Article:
The department racked up another $25,000 fine for failing to fix safety concerns in a timely manner. Specifically, the state accused the agency of knowing about the danger of “accumulated propellant” inside range trailers and failing to “take sufficient steps to prevent the re-occurrence of fires in its indoor mobile shooting ranges.”

One of the costliest violations, which the state deemed “willful” and “serious,” faulted the department for allegedly failing to conduct the regular inspections and preventive maintenance recommended by the trailer manufacturer.

That violation netted a $125,000 fine, as did another “willful” and “serious” violation for failing to clean the range trailer often enough and allowing “the accumulations of combustible dust on floors, ledges, beams, equipment, machines, or elsewhere which caused an explosion and fire.”

Last year, department officials told The Times that the range trailer had been serviced and cleaned by an outside contractor in July and that the department’s Facilities Services Bureau did its normal trailer maintenance in September. It’s not clear how those statements square with the recent citations or whether that could factor into the pending appeal, and the department did not clarify.

In addition to the violations discovered last fall, the state’s April notice also included two pages of memos warning the department that a trailer outside Men’s Central Jail had combustible acoustic foam inside and lacked adequate ventilation and dust collection mechanisms. Officials said the trailer is not in use.

As The Times reported last year, the blaze that killed Flores was at least the fourth range trailer fire in the past decade. Though officials have released little information about some of the incidents, department records show at least one involved similar concerns about the buildup of gunpowder.

In 2019, deputies designing active shooter training in Marina del Rey accidentally started a fire while testing a flashbang trainer, a nonexplosive version of a flashbang, or stun grenade.

Steven Propster, one of the deputies involved in that incident, told The Times in an interview last year that he wanted to test out the loud device in a controlled setting, and the soundproofed range trailer seemed ideal.

The first time, Propster said, the device went off without a hitch. The second time, a small flame popped up. One of the other deputies stomped it out with his foot. When two more flames popped up nearby, Propster shouted for another deputy to bring a fire extinguisher.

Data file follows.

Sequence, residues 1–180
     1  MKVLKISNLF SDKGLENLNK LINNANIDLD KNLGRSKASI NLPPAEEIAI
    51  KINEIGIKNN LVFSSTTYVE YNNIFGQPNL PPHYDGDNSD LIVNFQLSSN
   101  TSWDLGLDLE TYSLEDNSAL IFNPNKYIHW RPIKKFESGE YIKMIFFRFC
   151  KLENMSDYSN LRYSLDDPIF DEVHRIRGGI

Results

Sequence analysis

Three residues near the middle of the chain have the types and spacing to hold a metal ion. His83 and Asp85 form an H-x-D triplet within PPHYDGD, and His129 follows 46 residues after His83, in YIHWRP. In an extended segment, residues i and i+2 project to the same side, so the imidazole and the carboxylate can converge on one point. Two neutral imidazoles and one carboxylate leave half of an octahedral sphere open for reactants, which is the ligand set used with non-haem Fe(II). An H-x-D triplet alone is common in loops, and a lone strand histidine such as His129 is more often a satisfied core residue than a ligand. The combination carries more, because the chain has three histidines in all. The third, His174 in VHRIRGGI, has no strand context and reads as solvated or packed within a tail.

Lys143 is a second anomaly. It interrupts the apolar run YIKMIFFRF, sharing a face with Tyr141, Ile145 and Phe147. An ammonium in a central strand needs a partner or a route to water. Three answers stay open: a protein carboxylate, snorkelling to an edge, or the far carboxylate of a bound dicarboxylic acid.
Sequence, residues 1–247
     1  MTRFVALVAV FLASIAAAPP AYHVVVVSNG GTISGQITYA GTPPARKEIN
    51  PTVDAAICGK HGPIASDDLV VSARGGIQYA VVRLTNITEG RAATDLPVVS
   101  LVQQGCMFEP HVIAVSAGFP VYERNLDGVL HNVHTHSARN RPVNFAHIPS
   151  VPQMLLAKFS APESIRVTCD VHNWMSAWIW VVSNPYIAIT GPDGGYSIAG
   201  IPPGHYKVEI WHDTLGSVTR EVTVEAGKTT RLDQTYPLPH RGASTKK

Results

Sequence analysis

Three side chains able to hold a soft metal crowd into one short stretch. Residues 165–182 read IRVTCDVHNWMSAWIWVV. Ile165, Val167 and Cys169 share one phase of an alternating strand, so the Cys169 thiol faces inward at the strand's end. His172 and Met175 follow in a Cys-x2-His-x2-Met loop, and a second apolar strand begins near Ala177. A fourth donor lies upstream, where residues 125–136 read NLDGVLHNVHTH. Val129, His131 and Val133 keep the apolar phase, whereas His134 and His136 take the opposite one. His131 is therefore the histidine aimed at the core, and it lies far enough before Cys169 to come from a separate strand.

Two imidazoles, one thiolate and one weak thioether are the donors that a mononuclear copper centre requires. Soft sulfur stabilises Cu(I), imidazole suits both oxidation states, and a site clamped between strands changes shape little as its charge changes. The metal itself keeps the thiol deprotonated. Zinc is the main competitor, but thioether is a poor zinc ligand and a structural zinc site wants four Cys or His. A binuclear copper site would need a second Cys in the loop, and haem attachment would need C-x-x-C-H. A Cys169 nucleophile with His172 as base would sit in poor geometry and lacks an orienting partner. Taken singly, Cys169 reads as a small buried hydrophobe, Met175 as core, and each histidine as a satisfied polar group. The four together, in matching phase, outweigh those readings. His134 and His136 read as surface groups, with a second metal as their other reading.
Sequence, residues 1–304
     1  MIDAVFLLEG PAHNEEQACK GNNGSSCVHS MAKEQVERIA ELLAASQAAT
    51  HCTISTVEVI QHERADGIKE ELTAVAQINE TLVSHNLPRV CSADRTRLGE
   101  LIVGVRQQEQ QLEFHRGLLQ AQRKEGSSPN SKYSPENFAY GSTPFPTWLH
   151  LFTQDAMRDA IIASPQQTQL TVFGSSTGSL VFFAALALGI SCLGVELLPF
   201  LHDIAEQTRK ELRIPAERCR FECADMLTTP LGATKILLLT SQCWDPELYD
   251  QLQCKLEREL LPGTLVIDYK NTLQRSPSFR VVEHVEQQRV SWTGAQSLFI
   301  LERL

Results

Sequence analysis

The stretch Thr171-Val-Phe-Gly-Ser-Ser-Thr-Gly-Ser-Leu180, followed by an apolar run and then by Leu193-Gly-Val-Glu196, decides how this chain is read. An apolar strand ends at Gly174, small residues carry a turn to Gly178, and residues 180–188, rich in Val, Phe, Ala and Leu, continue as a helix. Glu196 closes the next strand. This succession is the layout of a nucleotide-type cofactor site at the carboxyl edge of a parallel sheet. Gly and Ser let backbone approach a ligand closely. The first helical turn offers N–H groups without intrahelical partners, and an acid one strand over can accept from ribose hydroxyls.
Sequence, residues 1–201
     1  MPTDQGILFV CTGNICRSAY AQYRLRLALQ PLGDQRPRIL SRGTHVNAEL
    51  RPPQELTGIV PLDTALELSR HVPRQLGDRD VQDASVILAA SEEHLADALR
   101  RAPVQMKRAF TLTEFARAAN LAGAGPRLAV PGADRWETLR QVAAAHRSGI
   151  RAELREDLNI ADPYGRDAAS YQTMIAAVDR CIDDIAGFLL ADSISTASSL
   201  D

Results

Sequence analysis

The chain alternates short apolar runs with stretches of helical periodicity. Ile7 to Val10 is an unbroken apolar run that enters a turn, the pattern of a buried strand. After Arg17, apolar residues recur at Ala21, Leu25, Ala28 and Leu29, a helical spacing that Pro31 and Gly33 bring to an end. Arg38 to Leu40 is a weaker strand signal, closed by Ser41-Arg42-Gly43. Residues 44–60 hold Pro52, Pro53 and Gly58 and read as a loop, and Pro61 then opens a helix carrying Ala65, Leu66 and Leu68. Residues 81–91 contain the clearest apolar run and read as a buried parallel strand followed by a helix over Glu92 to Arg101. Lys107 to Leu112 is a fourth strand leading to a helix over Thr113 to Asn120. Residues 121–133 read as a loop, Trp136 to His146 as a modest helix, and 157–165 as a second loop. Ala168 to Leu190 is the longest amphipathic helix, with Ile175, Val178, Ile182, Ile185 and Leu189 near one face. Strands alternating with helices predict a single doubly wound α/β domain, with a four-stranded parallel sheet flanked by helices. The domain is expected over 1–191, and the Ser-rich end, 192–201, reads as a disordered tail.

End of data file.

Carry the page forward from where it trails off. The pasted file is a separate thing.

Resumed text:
“He doused it — but two seconds later, flames went running up the wall,” Propster said. “We ran toward the door, and the flame began to swirl and burn everything and chase us out. It was like a movie.”

According to internal affairs records Propster recently shared with The Times, the department’s Arson and Explosives Detail determined the fire was “accidental.” Its report noted that the flashbang trainers were advertised as devices that would “not become so hot they start fires” and that the blaze started when sparks landed on “combustible foam insulation hanging” inside the trailer.

“This fire was likely accelerated by the presence of unburned gunpowder that is inevitably present in this environment,” the arson report said, and it “could not be presumed that the act of throwing the flashbang trainer in the mobile range would present a substantial and unjustifiable risk of causing a fire.”

In the end, internal affairs records show, Propster was disciplined with a five-day suspension for unauthorized use of the flashbang trainer and for causing a fire that destroyed a $150,000 trailer and “resulted in media coverage” and “community outcry with concerns regarding possible damage to the Ballona Wetlands Ecological Reserve.”

Propster told The Times he came away from the incident worried about the department’s continued use of range trailers.

“If you have one fire, it’s a one-off,” he said last year. “Two, OK, what’s causing this?”

More than six months after the 2023 blaze, the department has still released few details about what happened. The blaze started around 9:30 a.m. on Oct. 10 in the trailer, which was parked next to the men’s jail at Pitchess Detention Center.

Two deputies were inside the 53-foot trailer when the fire broke out, sheriff’s officials said. Flores was taking a department-mandated recertification test, and the other deputy was supervising. Both were rushed to the hospital with third-degree burns. Flores, a 22-year veteran of the department, remained hospitalized until his death.

” Freddy Flores struggled to live for six months,” said Carpenter, the family attorney. “We still don’t know all the details of what happened. We just know that it should not have happened.”

The department has not offered updates on the other deputy or released details about how the fire started. But immediately after the blaze, the department called in the federal Bureau of Alcohol, Tobacco, Firearms and Explosives for help investigating and shut down all of its mobile shooting ranges.

The ATF recently confirmed that it provided assistance to the Sheriff’s Department, but said it could not give any details because the investigation is continuing.